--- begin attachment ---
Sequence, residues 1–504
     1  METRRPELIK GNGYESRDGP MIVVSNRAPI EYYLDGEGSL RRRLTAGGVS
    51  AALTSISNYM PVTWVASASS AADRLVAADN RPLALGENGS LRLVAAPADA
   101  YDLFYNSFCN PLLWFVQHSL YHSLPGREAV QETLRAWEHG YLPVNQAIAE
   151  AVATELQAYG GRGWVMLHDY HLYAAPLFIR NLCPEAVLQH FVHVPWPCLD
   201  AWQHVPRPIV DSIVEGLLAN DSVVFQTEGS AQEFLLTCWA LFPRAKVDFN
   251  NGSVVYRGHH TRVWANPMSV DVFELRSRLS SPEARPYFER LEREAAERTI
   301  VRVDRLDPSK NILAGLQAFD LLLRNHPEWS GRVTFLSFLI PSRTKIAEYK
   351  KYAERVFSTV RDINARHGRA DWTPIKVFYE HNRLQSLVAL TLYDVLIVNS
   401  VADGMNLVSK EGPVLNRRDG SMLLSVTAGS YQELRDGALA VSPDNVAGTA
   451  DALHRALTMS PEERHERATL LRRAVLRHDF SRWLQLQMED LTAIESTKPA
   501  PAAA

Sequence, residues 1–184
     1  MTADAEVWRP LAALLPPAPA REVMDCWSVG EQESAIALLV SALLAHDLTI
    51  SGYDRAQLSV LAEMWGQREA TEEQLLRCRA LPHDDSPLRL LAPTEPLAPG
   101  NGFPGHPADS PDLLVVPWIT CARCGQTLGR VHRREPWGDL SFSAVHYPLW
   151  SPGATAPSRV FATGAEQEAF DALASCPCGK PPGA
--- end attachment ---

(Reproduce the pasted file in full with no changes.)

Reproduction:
Sequence, residues 1–504
     1  METRRPELIK GNGYESRDGP MIVVSNRAPI EYYLDGEGSL RRRLTAGGVS
    51  AALTSISNYM PVTWVASASS AADRLVAADN RPLALGENGS LRLVAAPADA
   101  YDLFYNSFCN PLLWFVQHSL YHSLPGREAV QETLRAWEHG YLPVNQAIAE
   151  AVATELQAYG GRGWVMLHDY HLYAAPLFIR NLCPEAVLQH FVHVPWPCLD
   201  AWQHVPRPIV DSIVEGLLAN DSVVFQTEGS AQEFLLTCWA LFPRAKVDFN
   251  NGSVVYRGHH TRVWANPMSV DVFELRSRLS SPEARPYFER LEREAAERTI
   301  VRVDRLDPSK NILAGLQAFD LLLRNHPEWS GRVTFLSFLI PSRTKIAEYK
   351  KYAERVFSTV RDINARHGRA DWTPIKVFYE HNRLQSLVAL TLYDVLIVNS
   401  VADGMNLVSK EGPVLNRRDG SMLLSVTAGS YQELRDGALA VSPDNVAGTA
   451  DALHRALTMS PEERHERATL LRRAVLRHDF SRWLQLQMED LTAIESTKPA
   501  PAAA

Sequence, residues 1–184
     1  MTADAEVWRP LAALLPPAPA REVMDCWSVG EQESAIALLV SALLAHDLTI
    51  SGYDRAQLSV LAEMWGQREA TEEQLLRCRA LPHDDSPLRL LAPTEPLAPG
   101  NGFPGHPADS PDLLVVPWIT CARCGQTLGR VHRREPWGDL SFSAVHYPLW
   151  SPGATAPSRV FATGAEQEAF DALASCPCGK PPGA